Echinanthera cyanopleura (COPE, 1885)
Can you confirm these amateur observations of Echinanthera cyanopleura?
|Higher Taxa||Colubridae (Dipsadinae, Echinantherini), Colubroidea, Caenophidia, Alethinophidia, Serpentes, Squamata (snakes)|
|Common Names||Portuguese: Cobrinha-Cipó, Corredeira-Grande-do-Mato, Papa-Rã|
|Synonym||Aporophis cyanopleurus COPE 1885: 191|
Dromicus melanostigma — BOULENGER 1885
Liophis melanostigma — BOULENGER 1894
Leimadophis melanostigma — AMARAL 1930
Dromicus melanostigmus — LEMA 1980
Echinanthera cyanopleura — GIRAUDO & SCROCCHI 2002
Echinanthera cyanopleura — WALLACH et al. 2014: 253
Echinanthera cyanopleura — NOGUEIRA et al. 2019
|Distribution||Brazil (Espirito Santo, Rio Grande do Sul, Minas Gerais, Rio de Janeiro, Sao Paulo, Parana, Santa Catarina), |
Type locality: Montenegro, Rio Grande do Sul, Brazil.
|Types||Syntypes: ANSP 11198-99 (2)|
|Diagnosis||Diagnosis (genus): Echinanthera can be recognized by (1) usually eight supralabials, with 2nd–3rd or 2nd only touching the loreal and 3rd–5th touching the orbit; (2) 17/17/17 dorsal scale rows usually with one or two apical pits; (3) middorsal pattern composed by an undulating dark-brown stripe (vestigial in E. cephalostriata, E. cyanopleura and E. melanostigma); (4) midventral portion with transverse bands at the base of the ventral scales, especially observable in adults; (5) hemipenis unilobed, unicalyculate and semicapitate, with an asulcate interspinal gap extending from the distal to the proximal region of the organ; in its distal end, it terminates in a homogeneous group of small to medium-sized papillae; (6) dorsolateral crests of the parietal bone inconspicuous in the region close to the contact with supraoccipital; (7) parabasisphenoid lateral crests conspicuous; (8) large number of maxillary (24–35), palatine (19–21), pterygoid (30–37) and dentary teeth (34–40) (Figures 4A–E, 5L–O, 7D, 8B–E and Table 1).” (Abegg et al. 2022)|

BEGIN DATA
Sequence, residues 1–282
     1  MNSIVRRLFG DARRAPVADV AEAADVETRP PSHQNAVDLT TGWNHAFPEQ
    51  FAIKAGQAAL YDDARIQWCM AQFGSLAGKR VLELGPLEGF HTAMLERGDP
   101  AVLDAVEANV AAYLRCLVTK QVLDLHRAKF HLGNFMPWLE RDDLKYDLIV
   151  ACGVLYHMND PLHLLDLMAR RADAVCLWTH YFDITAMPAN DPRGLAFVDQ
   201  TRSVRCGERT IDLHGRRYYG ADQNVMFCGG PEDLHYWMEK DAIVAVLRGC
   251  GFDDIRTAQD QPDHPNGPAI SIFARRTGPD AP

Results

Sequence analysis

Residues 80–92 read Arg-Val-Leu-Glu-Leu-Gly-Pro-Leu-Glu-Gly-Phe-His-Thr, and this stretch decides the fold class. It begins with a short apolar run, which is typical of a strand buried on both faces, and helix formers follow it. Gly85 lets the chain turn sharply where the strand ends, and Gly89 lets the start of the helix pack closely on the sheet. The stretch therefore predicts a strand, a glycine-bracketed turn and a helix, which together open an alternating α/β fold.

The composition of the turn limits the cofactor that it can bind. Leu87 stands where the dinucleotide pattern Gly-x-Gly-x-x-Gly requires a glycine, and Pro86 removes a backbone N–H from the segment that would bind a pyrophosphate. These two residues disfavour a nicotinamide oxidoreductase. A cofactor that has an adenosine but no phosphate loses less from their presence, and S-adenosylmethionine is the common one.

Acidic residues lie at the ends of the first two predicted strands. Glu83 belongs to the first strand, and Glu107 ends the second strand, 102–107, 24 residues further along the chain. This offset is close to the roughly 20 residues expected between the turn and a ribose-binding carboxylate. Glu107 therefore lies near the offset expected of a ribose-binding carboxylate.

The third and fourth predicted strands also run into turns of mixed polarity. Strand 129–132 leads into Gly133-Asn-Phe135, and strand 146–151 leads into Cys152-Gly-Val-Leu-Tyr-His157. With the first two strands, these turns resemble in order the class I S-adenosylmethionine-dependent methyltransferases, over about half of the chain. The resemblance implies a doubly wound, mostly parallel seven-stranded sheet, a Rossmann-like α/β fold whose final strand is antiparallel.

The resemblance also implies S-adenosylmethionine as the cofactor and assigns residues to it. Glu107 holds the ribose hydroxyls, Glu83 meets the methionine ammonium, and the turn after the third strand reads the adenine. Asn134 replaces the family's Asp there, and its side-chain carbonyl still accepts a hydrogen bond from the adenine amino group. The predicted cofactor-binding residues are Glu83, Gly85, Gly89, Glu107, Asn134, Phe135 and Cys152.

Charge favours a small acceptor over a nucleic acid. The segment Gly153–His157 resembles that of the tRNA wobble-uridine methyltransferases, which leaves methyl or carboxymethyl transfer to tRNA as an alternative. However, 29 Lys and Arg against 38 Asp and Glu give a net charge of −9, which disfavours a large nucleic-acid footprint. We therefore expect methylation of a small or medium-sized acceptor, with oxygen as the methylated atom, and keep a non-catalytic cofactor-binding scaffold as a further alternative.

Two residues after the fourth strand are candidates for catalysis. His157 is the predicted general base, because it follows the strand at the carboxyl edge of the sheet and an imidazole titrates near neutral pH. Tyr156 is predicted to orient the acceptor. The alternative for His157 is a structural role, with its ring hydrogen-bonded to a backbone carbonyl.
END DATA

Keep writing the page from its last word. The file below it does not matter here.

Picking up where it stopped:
Original description from COPE (1885): The species of Aporophis (Cope, Proceeds. Amer. Philos. Soc. 1877, p. 18, Lygophis olim, nec. Fitzingeri = Philodryas) are sometimes referred to Dromicus and sometimes to Liophis. They may be readily distinguished from the latter genus by the absence of scale-fossae (sometimes called scale pores), while they differ from Dromicus in the shorter tail. This portion represents a fourth or a little more of the total length in Aporophis, and a third or mere in Dromicus. It is quite possible that the groups may have to be united in one genus in future, but I have not yet met with intermediate forms. The species of Aporophis known to me are : A. conirostris Gthr.; A. lineatus Linn.; A. dilepis Cope (This species differs from A. lineatus in color, and not only in its two pre-ocular plates, as supposed by Dr. Fischer); A. flavifrenatus Cope (= Coronella pulchella Jan.); A. anomalus Gthr. (= L. rutilus Cope); A.nicagus Cope; A. undulatus Wied. (Dromicus Peters); A. juliae Cope; A. melanocephalus Peters (Dromicus melanocephalus, Mo- natsber. Berl. Acad., 1863, 277; dentition not described). Aporophis only differs from Rlladin~a in its diacranterian dentition; a character which will probably prove to be not entirely constant.